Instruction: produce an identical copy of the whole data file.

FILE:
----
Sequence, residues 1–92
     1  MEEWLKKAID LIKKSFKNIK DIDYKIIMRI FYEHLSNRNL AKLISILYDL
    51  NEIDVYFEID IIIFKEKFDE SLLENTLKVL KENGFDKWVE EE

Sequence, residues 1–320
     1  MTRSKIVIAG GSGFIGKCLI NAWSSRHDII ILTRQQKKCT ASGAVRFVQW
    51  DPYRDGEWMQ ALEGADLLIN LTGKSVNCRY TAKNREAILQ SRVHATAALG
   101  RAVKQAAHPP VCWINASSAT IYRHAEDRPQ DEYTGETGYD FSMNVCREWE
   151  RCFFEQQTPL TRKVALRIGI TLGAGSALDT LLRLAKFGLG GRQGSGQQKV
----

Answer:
Sequence, residues 1–92
     1  MEEWLKKAID LIKKSFKNIK DIDYKIIMRI FYEHLSNRNL AKLISILYDL
    51  NEIDVYFEID IIIFKEKFDE SLLENTLKVL KENGFDKWVE EE

Sequence, residues 1–320
     1  MTRSKIVIAG GSGFIGKCLI NAWSSRHDII ILTRQQKKCT ASGAVRFVQW
    51  DPYRDGEWMQ ALEGADLLIN LTGKSVNCRY TAKNREAILQ SRVHATAALG
   101  RAVKQAAHPP VCWINASSAT IYRHAEDRPQ DEYTGETGYD FSMNVCREWE
   151  RCFFEQQTPL TRKVALRIGI TLGAGSALDT LLRLAKFGLG GRQGSGQQKV